Lowering the voting age for women
Catalogue reference: HO 45/13020/47274/18, Part 1
Catalogue reference: HO 45/13020/474274/91, Part 2

Telephone: Victoria 6188
Telegrams: "Voiceless, London."


Hon. Treasurer:



Parliamentary Secretary:

Mrs Hubback.

Office Hours

Saturdays -
21st January, 1926.
Dear Sir,
1. Equal Franchise.
I am writing on behalf of the National Union of Societies for Equal Citizenship to express our hope that some reference to the intentions of the Government with regard to Equal Franshise will be made in the King's Speech.
We are anxiously awaiting a statement from the Government as to the date at which the Members of the Conference, you have promised to set up, will be appointed.
During the debate on the Representation of the People Bill, on February 20th last year, the Home Secretary indicated that the Conference could be set up this year, and that legislation based on its Report could be introduced next year. As you are aware, women's organisations everywhere attach the greatest importance to the early setting up of this Conference in order that the legislation may reach the Statute Book as soon as possible.

[handwritten] Daily Mail / 3rd Nov. 1927.


I am entirely and absolutely opposed to the "flapper" vote. I was not committed to this at the last general election, nor were hundreds of other candidates, and I consider the indiscriminate increase of the franchise, without a shred of responsibility, to be the most idiotic and ill-considered piece of legislation that has ever been proposed. - Captain J.W. Reynolds, in a letter to the Doncaster Conservative Executive, on his resigning his candidature for the Don Valley Division.

In his letter to the Doncaster Conservative Executive Captain Reynolds expresses what there is every reason to believe are the real sentiments of the great majority of Conservative voters. They have never been asked their opinion on the Government's crazy project of giving votes to girls of 21; and the more they hear of it the more they dislike it.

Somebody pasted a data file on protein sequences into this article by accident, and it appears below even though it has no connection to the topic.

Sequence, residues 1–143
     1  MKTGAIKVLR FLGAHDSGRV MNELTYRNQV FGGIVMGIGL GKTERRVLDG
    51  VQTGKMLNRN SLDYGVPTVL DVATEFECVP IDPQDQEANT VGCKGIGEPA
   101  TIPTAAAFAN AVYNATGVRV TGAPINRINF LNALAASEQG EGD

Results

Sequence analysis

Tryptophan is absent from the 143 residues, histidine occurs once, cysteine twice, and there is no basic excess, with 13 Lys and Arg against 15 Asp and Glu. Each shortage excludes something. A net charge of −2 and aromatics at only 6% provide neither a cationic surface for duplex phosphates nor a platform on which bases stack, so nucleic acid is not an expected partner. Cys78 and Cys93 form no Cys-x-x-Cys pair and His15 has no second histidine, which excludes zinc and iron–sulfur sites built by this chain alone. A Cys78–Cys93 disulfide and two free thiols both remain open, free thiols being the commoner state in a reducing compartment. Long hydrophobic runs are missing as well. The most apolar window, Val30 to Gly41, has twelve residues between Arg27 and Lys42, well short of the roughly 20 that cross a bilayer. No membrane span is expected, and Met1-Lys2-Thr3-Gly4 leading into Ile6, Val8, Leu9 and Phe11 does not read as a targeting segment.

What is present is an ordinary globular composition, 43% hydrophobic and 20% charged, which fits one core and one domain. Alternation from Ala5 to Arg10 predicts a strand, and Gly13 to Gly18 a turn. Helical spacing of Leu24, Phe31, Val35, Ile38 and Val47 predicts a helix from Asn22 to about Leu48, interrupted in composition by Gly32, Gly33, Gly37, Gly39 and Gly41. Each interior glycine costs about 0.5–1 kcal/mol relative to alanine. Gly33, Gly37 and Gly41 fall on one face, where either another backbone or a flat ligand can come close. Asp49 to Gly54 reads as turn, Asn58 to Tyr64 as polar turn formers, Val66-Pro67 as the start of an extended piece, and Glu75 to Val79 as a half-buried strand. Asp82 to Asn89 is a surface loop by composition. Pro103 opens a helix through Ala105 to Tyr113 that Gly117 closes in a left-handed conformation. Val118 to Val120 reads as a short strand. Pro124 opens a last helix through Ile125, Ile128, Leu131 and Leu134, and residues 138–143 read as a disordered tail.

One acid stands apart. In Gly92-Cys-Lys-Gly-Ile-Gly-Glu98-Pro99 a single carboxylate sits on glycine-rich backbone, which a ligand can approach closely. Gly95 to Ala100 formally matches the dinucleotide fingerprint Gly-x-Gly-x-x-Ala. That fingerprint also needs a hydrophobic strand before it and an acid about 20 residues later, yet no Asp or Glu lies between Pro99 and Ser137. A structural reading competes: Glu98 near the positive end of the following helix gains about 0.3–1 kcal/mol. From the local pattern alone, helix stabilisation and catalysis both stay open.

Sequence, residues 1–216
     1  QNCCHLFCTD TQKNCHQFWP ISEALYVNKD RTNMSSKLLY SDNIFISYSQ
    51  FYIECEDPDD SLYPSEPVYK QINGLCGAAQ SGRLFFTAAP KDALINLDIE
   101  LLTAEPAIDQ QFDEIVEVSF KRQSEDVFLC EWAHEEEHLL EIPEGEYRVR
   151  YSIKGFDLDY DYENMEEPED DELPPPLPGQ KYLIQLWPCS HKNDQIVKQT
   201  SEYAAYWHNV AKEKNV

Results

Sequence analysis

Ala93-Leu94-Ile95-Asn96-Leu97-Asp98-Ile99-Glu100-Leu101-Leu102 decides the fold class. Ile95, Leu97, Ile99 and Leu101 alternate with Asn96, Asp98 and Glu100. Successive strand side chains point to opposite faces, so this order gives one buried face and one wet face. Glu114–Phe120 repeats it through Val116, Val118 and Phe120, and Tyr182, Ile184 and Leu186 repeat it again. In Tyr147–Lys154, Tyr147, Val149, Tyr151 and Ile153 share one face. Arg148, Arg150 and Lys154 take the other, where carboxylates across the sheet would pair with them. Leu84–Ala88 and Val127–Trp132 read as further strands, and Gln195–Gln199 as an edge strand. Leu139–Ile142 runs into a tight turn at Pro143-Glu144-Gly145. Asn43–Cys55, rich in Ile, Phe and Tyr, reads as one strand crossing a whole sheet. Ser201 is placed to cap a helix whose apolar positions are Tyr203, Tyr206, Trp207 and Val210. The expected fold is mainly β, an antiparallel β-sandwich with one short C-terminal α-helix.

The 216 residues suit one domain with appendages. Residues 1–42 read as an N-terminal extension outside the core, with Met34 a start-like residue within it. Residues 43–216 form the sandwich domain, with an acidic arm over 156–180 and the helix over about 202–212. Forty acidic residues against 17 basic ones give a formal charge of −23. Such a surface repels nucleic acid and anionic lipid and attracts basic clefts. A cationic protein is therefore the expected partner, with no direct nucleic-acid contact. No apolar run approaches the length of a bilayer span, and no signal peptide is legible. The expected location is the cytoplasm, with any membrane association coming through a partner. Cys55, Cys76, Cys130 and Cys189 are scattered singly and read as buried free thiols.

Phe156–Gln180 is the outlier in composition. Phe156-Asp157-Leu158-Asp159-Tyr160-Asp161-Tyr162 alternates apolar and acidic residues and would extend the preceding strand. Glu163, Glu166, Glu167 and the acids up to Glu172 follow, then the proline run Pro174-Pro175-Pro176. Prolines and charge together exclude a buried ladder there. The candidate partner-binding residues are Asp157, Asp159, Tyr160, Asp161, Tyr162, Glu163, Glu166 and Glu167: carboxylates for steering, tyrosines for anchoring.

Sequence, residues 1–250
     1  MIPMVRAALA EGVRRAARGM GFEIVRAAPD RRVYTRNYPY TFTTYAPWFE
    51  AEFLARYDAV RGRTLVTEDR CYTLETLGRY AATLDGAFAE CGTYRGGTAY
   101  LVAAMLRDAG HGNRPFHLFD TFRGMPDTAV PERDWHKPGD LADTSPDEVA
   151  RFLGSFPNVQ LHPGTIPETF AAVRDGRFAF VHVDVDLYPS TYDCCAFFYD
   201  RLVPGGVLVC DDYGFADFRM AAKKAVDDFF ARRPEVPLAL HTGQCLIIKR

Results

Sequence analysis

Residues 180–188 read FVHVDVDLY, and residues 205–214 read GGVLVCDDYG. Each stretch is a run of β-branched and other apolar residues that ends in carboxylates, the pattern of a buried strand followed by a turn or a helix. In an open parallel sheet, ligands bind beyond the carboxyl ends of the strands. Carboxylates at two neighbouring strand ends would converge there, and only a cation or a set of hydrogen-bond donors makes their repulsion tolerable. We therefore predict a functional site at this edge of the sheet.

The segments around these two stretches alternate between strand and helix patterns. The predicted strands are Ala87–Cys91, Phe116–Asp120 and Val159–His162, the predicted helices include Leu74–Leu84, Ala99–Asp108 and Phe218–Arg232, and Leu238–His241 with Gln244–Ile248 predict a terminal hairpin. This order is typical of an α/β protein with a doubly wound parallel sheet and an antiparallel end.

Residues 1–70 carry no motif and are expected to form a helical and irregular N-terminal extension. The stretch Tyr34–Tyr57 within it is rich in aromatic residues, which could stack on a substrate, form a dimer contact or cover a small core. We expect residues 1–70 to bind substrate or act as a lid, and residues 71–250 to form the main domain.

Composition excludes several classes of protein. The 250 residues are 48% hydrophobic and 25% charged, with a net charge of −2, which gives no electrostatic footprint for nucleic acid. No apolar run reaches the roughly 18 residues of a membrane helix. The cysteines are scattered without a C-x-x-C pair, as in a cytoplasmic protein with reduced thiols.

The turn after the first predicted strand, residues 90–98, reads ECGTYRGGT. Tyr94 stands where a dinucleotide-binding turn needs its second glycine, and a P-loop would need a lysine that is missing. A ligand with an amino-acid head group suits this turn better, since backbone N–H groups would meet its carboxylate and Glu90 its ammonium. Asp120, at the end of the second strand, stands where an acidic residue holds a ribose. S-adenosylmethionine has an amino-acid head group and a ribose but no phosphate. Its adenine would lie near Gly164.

The best judges almost without exception are convinced that "votes for 'flappers'" means "votes for Socialists," with deadly results to the Conservative Party. Every one knows that no pledge to enfranchise "flappers" was given by the Government at the last general election.

The municipal elections, in which the Socialists have secured huge gains, mainly at the cost of the Conservatives, supply fresh evidence that the character of the electorate has not yet recovered from the last great inflation of 1918. There is clearly an enormous mass of voters who, no doubt, are well-meaning enough but have not acquired the sense of responsibility and that political

instinct without which representative institutions cannot work. These irresponsible voters sway this way and that and are always liable to vote for those who will promise them most at other people's expense.

When such is the electoral situation, to add another 4 1/2 million votes to the undigested millions already on the register is to complicate all the problems of government and to play the Socialist game-a procedure of which certain of the Conservative leaders seem so enamoured that they have recourse to it at every turn. Yet, as Lord Rothermere has warned them, "you cannot fight Socialism with Socialism."

If votes are given to "flappers" and if the constituencies are flooded with new and inexperienced voters, men will be placed in a minority in two-thirds of the constituencies; and the Socialist vote will be so largely increased that a Socialist Government will become inevitable. It is an open secret that Socialists calculate that at least three-fourths of the new votes will be given to them, thus enabling them to sweep the country.

The first fruits of the present Conservative policy of trying to outbid the Socialists with Socialistic measures are now being reaped by the Conservative Party in the municipal elections. The full harvest of this policy will come with the next general election of members for the House of Commons. With the help of the "flappers'" vote the Socialists believe that the total of Conservatives in the next Parliament will be reduced to such a small remnant as to paralyse the Conservative Party and deprive it for an indefinite period of all effective political influence.

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